Album Review: Lykke Li – So Sad So Sexy

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Source: Target

From moody collaged art work to sexy R&B beats accompanied by Lykke Li’s enchanting voice; So Sad So Sexy proves itself to be this summers unexpected, but highly welcomed comeback.

After having lost her mother, and becoming one herself, Lykke Li found herself in an artistic rut. In the fours year since the 2014 album release of the break-up song filled I Never Learn, Lykke Li has found herself a new record label, home and life. This self-proclaimed rebirth becomes evidently clear on the 10 track long album.

The album opens with Hard Rain, Lykke Li’s familiar vocals glide across synthesised pop beats creating an almost haunting but intriguing mood. The influence of mainstream music is clear and carries on throughout the album. However, instead of taking away from Li’s unique voice, the heavy beats and electronic additions create tracks to dance to. Something quite novel compared to Li’s previous work.

Deep End is one of the most profound R&B influenced songs on the album. The trap-beat works as the perfect canvas for the addicting chorus, resulting in a moving blend of sad and sexy.  Rapper Aminé is the only artist to collab with Li on the album. His feature on the song Two Nights adds a slight hint of Hip-Hop, amplifying Li’s subtle but clear message that she is no longer solely an indie artist.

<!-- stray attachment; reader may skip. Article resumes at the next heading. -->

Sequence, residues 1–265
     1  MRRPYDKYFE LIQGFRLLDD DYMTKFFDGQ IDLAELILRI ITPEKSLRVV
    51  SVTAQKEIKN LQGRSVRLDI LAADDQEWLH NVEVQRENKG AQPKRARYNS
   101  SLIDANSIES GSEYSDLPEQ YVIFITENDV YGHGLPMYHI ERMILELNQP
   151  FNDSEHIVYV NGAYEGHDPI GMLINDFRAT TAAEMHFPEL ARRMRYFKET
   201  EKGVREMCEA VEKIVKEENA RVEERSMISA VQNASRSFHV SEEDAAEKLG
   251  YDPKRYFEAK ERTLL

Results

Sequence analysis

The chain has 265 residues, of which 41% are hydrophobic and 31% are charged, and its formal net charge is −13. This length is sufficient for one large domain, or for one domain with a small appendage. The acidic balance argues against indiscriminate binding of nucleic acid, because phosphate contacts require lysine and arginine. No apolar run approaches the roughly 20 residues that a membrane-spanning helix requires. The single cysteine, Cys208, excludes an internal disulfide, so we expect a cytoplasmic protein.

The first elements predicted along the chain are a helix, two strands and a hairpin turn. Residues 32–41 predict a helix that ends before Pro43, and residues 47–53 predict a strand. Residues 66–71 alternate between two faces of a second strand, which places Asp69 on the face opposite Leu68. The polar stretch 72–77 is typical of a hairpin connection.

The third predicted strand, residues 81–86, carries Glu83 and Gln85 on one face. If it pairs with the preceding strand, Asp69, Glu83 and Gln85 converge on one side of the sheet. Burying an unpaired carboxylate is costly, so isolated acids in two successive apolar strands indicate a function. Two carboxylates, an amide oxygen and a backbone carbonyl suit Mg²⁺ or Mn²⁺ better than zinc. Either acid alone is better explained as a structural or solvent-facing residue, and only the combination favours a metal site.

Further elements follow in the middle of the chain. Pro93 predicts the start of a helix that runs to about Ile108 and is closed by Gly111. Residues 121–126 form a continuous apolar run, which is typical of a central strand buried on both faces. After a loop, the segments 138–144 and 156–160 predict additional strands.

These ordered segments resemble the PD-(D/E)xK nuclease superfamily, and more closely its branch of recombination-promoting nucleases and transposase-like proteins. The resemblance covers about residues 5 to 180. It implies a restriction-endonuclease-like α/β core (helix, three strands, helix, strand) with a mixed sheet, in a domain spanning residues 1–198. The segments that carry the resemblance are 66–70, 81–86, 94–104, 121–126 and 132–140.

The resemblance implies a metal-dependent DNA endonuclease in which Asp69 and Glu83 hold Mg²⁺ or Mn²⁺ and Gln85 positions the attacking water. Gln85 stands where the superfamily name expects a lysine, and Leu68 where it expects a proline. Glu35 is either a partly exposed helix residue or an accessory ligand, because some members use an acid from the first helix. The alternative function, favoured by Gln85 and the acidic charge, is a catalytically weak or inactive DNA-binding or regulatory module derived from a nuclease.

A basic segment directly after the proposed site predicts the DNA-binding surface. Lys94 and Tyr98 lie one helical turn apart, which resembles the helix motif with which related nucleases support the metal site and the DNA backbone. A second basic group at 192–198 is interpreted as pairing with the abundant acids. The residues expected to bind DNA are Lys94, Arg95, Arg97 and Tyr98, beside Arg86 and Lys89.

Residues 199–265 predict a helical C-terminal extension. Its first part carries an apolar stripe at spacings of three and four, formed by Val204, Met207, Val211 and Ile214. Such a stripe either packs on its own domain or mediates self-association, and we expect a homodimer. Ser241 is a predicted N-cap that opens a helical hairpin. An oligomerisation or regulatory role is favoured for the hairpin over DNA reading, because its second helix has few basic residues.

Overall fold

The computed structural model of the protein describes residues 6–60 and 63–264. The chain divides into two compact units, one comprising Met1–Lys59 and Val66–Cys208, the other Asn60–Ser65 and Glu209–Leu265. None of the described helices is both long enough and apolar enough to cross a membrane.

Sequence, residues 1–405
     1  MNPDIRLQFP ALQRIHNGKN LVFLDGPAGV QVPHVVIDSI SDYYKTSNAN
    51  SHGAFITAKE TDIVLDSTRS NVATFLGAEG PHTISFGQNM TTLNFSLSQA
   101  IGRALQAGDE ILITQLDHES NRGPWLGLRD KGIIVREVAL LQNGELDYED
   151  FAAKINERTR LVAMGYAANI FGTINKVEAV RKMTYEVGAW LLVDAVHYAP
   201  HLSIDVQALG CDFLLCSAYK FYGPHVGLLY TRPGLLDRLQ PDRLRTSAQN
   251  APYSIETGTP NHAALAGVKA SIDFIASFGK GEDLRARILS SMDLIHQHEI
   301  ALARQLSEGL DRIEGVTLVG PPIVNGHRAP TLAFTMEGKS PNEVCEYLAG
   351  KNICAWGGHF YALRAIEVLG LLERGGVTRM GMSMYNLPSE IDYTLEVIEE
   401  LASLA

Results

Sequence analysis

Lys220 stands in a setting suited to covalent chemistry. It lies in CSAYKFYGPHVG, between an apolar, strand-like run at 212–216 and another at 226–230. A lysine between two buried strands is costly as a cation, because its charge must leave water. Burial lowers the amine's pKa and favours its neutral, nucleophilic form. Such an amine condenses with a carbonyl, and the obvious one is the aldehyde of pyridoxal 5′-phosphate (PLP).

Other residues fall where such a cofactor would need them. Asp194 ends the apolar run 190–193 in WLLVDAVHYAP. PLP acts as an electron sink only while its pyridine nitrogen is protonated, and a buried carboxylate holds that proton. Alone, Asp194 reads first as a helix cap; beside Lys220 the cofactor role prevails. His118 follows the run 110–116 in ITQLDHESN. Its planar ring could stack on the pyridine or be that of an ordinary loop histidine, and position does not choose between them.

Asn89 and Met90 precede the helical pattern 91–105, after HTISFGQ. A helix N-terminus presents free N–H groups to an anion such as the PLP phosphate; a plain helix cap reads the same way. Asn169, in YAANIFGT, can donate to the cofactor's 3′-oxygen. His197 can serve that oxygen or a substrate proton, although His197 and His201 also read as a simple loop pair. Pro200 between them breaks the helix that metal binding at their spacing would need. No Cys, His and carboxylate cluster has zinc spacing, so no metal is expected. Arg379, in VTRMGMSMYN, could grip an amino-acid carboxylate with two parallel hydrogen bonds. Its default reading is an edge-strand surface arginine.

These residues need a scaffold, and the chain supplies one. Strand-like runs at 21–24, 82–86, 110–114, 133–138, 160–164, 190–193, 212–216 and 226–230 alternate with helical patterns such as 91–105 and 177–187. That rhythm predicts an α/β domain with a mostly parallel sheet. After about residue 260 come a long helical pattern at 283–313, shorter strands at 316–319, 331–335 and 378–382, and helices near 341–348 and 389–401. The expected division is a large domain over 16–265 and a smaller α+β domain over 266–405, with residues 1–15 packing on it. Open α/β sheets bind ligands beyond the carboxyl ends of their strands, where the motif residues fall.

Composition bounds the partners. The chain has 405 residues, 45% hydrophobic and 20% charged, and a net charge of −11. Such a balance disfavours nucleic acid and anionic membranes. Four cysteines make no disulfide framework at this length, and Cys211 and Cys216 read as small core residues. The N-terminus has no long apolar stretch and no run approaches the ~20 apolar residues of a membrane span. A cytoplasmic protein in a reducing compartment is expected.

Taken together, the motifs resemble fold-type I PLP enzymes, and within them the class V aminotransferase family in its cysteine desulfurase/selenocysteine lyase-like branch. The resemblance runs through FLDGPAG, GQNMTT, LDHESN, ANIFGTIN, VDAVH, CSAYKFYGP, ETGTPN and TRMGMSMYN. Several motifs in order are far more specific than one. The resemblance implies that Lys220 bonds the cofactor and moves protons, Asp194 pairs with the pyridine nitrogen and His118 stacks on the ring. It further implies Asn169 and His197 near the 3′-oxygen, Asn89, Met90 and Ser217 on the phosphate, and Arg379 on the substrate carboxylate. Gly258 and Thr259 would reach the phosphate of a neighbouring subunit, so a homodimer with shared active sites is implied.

Source: Songtext.co

With Sex Money Feelings Die, images of smoke machines, expensive cars and gold jewellery immediately spring to mind. It is as if Li managed to coat recent hip-hop hits in a unique layer of indie influence, managing to smooth away some of the hard layers while keeping the robust shape.

Rarely has the title of an album been so fitting to its content.  With So Sad So Sexy, Li has managed to create an album that stays true to her characteristic melancholic sound, while giving it in an added dimensions of sensuality.

While some of the lyrics can fall short, the occasional use of the word ‘bae’ results in slight shake of the head, Li’s gets away with it due to her hypnotizing vocals. Compared to the in 2014 released I Never Learn, So Sad So Sexy reveals an equally sad but sexier Lykke Li.  We’re a fan.

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